The superfans were expecting a saucy coronation that night along with their baby backs, but the contest proved to be far stickier than expected. Penn State fell behind 21-0 in the first quarter. From there the battle was engaged, but the Lions still came into the fourth quarter trailing by 10 points. To make matters worse, they were facing a tough Illinois defense that featured future NFL players Simeon Rice, Kevin Hardy and Dana Howard. But fullback Brian Milne scored with 7:59 left to make the score 31-28. (College football didn't have tiebreakers then, so Penn State still needed a TD to preserve its unblemished record.) Collins got the ball back on his own four-yard line with 6:07 left. What followed was the season's masterpiece—a 96-yard march into a strong headwind that ended when Milne crashed across the goal line on a two-yard plunge with 57 seconds left. One woman, watching with her son, a Penn State student, exhaled and told me that the plane tickets she had already bought to Pasadena were looking a whole lot better. The win brought a sigh of relief and touched off a wild celebration.
The 1994 team beat Oregon in the Rose Bowl but didn't get a national title. The voters in the polls elected to award coach Tom Osborne of undefeated Nebraska his first national championship, rather than give Paterno his third. (We have a BCS because of years like this.) I know the snub still rankles some folks, but I'll take the minority position that it doesn't matter. Anyone who followed the Nittany Lions in '94 knows what they saw.
Maybe I'm ready to brush off the polls because I believe the experience of Penn State football is about so much more. In my three years in State College, I spent many afternoons mixing with Nittany Lions devotees—the people who come streaming, banners aflutter, from all around Pennsylvania to converge on the stadium. I saw that these fans were blessed to live a life with six extra holidays on their calendar. Just as family and friends gather around the turkey on Thanksgiving or the tree on Christmas, these fans collect around the stadium for those precious home Saturdays. They know the family in the next parking spot as well as they know their neighbors back home. They have shared burgers and beers and memories. They can hold the great linebacker debate: Jack Ham or Shane Conlan? (Or how about LaVar Arrington? Paul Posluszny? Dan Connor?) They saw quarterbacks from Chuck Fusina to Michael Robinson mature before their eyes. They were there for those big wins and heartbreakers against Pitt and Notre Dame and Ohio State.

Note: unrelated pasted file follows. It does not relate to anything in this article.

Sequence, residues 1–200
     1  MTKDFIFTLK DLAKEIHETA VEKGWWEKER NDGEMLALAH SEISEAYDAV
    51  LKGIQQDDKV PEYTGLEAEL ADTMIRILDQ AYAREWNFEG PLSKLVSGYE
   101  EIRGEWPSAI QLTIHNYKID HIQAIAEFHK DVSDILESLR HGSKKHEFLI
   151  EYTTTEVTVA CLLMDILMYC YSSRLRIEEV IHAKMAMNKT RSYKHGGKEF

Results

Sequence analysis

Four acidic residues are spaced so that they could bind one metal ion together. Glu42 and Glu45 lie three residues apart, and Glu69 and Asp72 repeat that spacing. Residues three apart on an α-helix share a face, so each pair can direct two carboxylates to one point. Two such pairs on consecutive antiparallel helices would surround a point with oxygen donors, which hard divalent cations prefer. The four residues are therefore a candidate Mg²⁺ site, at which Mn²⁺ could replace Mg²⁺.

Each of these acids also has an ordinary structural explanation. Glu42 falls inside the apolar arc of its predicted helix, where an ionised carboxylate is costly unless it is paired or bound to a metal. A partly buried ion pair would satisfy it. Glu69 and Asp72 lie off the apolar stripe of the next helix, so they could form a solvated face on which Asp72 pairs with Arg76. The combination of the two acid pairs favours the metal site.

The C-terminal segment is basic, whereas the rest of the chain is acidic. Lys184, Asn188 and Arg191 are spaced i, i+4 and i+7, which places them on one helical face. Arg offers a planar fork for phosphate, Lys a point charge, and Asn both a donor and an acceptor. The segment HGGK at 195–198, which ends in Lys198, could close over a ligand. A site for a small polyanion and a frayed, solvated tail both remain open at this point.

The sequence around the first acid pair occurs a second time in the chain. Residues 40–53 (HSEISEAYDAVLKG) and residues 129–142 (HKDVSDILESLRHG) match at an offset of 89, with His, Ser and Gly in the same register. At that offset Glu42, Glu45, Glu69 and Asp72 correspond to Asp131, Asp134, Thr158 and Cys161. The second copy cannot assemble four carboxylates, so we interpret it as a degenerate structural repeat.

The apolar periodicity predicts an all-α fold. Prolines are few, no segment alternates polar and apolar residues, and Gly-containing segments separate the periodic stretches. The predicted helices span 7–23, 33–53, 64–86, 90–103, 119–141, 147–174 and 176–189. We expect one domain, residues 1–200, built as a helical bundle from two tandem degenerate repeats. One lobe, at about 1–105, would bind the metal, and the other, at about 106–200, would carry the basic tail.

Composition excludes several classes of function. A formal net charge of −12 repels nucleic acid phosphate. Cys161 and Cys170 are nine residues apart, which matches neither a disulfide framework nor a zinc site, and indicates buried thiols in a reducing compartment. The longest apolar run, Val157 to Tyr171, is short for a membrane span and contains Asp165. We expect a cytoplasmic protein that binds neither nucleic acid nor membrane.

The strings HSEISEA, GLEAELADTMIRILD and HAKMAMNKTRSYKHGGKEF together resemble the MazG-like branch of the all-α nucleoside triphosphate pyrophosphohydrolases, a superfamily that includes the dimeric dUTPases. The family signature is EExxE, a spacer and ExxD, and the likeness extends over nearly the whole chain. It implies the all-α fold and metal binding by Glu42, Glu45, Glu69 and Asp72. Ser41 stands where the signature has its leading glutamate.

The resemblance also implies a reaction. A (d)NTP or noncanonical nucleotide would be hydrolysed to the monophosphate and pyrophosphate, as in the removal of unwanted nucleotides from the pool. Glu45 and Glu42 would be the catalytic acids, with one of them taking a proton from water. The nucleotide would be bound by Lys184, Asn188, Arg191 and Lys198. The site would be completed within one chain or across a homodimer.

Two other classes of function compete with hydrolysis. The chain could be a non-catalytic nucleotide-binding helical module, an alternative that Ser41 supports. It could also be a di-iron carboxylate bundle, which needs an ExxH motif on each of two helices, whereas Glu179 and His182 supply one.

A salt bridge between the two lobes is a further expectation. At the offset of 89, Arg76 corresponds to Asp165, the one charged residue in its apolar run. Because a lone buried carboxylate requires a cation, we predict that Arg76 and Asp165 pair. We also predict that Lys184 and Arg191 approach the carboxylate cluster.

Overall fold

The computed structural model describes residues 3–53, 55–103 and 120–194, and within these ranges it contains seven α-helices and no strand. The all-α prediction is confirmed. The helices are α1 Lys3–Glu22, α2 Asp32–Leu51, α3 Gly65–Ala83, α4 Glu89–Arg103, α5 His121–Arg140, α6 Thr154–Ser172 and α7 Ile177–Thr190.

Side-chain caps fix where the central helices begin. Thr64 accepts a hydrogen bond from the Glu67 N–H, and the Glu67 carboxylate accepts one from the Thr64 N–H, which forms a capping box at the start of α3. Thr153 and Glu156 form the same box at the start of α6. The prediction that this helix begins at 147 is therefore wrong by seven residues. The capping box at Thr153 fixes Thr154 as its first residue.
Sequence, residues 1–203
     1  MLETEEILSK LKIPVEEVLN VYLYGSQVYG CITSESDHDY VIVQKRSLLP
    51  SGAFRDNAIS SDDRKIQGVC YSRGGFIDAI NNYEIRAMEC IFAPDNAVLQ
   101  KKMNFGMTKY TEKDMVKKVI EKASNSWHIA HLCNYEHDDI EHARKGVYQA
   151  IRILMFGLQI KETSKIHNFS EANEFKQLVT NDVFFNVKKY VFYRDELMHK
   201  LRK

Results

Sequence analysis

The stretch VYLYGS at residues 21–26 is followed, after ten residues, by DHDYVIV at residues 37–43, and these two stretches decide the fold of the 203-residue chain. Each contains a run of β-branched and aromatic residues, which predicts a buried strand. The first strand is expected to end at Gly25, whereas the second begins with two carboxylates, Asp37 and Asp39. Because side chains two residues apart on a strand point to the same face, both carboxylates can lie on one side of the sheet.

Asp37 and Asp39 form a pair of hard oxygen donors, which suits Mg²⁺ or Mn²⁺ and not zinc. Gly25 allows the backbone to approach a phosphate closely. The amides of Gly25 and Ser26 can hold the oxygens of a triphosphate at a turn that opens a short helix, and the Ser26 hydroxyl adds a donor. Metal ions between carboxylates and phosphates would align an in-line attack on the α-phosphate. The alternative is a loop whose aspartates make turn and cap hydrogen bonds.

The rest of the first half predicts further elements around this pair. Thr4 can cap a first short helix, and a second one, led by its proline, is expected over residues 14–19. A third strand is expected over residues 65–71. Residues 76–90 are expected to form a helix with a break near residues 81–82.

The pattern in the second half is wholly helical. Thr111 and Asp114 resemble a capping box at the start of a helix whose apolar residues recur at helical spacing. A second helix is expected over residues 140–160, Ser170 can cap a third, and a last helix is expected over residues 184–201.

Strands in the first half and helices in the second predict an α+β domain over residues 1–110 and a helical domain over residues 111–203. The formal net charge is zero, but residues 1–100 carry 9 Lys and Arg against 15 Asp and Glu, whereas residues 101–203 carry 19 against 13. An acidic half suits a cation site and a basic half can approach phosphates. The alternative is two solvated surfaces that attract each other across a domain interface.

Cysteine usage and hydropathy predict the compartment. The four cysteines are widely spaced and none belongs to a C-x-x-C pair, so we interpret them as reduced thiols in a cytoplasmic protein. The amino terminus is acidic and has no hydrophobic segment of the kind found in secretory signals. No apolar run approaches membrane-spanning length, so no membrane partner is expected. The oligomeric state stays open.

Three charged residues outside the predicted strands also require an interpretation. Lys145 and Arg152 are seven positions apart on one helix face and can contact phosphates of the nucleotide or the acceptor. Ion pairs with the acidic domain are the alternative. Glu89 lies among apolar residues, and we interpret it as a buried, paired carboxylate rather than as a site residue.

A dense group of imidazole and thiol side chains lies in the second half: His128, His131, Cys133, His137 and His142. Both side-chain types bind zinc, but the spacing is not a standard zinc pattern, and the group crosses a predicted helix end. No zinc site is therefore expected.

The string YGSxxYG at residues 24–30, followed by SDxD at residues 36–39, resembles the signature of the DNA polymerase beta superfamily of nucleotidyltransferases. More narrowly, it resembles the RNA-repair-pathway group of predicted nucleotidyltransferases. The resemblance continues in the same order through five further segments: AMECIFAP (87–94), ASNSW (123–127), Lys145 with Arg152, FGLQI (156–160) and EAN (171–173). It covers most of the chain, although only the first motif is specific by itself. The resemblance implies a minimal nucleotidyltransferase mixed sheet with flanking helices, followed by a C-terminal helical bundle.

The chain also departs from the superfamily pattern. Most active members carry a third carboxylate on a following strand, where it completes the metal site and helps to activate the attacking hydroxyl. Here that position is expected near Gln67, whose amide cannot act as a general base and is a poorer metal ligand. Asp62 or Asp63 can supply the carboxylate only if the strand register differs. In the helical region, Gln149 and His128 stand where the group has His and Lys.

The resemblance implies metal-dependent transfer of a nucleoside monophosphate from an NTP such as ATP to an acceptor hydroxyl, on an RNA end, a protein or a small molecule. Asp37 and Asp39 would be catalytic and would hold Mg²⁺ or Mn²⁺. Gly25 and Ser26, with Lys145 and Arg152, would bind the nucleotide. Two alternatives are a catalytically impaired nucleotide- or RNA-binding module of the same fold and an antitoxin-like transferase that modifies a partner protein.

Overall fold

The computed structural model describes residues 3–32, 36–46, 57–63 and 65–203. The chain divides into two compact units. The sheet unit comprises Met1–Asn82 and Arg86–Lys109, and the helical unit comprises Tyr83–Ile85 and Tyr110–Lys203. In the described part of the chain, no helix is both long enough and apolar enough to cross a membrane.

They've also seen what hasn't changed over the years—those plain-as-can-be uniforms, no logo on the helmet and no name on the back. And, of course, there is the coach with the Coke-bottle glasses, still stalking the sideline. For 58 years Paterno has been found a few miles south and west of Mount Nittany.
There are worse guideposts to help find your way.